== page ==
For these purposes, tax treaties generally provides a definition of the permanent establishment and of source of national wealth in order to spread the tax liability on a common definition for each country. This definition given by international tax treaties is applicable to the determination of the tax liability of the person conducting economic activities in the countries which signed a tax treaty in order to avoid double taxation. The definitions provided under national law will be subsidiaries.

In fact, the definition of these concepts by the LISR is close to the definition given by most of the international tax treaties which are all mostly based on the same model. However, the definitions established by the international tax treaties should be studied carefully in order to recognize the  tax situation in the case that  an economic activity is conducted in Mexico.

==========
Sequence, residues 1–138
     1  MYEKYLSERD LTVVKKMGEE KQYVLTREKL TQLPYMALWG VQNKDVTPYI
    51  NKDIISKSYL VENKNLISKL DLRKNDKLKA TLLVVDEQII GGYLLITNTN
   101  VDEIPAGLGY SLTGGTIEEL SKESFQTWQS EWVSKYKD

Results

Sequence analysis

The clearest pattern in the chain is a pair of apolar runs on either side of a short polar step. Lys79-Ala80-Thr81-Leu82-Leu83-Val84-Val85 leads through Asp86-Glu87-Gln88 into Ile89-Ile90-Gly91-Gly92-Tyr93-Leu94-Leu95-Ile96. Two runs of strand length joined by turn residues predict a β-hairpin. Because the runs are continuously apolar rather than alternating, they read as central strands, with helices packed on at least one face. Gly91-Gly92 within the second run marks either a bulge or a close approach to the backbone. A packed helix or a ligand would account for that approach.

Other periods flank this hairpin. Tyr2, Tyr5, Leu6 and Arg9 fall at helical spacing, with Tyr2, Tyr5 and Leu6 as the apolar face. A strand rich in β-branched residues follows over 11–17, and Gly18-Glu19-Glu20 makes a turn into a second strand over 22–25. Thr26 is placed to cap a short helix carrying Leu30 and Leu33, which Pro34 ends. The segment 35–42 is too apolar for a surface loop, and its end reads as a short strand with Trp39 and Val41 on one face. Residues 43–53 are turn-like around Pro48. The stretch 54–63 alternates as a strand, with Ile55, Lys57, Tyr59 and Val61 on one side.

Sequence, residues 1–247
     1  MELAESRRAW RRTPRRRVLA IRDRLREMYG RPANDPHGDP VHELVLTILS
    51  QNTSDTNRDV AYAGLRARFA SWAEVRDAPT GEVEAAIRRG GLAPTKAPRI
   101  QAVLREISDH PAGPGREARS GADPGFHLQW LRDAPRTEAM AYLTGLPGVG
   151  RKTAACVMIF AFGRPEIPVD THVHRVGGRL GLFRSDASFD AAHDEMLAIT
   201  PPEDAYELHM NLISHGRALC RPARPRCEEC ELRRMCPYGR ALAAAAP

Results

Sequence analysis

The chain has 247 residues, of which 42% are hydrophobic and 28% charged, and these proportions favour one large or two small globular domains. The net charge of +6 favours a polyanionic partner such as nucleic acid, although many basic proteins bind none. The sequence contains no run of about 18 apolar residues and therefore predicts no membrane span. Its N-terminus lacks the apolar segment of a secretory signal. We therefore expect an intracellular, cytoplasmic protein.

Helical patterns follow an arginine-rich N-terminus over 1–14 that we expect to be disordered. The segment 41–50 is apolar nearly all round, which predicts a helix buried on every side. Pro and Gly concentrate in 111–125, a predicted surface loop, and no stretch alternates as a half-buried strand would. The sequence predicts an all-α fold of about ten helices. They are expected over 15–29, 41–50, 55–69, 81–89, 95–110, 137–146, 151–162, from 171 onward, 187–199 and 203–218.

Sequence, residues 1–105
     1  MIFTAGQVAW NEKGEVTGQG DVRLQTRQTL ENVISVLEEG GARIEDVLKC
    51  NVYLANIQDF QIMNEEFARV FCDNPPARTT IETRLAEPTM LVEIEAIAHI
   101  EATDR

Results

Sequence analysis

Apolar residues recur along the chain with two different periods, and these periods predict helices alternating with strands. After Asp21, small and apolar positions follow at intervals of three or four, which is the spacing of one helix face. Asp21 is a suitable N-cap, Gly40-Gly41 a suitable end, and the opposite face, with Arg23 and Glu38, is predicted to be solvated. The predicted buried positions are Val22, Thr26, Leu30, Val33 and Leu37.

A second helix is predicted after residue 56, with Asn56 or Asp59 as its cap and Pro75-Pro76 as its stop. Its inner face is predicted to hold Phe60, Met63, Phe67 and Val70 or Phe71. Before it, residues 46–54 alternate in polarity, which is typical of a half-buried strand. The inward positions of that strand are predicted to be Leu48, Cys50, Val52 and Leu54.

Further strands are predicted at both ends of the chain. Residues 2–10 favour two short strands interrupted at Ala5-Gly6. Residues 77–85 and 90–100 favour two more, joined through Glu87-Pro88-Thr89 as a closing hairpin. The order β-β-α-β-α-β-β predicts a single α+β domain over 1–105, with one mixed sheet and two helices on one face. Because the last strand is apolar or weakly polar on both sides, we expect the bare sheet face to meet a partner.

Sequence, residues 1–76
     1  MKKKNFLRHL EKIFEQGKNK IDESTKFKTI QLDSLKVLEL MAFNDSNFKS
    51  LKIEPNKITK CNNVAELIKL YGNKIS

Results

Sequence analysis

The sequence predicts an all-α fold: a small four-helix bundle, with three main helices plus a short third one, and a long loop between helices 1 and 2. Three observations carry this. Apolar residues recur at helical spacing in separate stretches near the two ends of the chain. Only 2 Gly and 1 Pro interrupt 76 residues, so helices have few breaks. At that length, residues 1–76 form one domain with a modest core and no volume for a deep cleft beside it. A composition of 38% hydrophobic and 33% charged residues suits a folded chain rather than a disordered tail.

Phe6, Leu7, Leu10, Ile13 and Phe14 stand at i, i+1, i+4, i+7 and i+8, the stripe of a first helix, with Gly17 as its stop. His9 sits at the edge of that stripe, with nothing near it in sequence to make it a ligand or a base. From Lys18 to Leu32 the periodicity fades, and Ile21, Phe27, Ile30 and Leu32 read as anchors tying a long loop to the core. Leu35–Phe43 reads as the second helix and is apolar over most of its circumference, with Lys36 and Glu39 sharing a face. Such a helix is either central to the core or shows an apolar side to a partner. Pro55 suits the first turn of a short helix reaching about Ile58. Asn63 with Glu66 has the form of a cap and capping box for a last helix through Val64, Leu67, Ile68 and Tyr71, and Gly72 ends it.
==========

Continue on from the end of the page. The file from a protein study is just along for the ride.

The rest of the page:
TMC legal has supported for more than 15 years entrepreneurs, investors and individuals who wish to settle in Mexico in order to advise them on legal and strategic planning.

 

[1] Law on Income Tax in Mexico: http://www.diputados.gob.mx/LeyesBiblio/ref/lisr.htm (spa).

[2] http://www.sat.gob.mx/english/Paginas/fuente_de_riqueza.aspx (spa)

[3] Tax Code of the Federation of Mexico: http://www.diputados.gob.mx/LeyesBiblio/ref/cff.htm (spa).

[4] The list of international tax treaties ratified by Mexico on: http://www.sat.gob.mx/informacion_fiscal/normatividad/Paginas/tratados_fiscales.aspx (spa).

Trademark Opposition Proceeding Approved in Mexico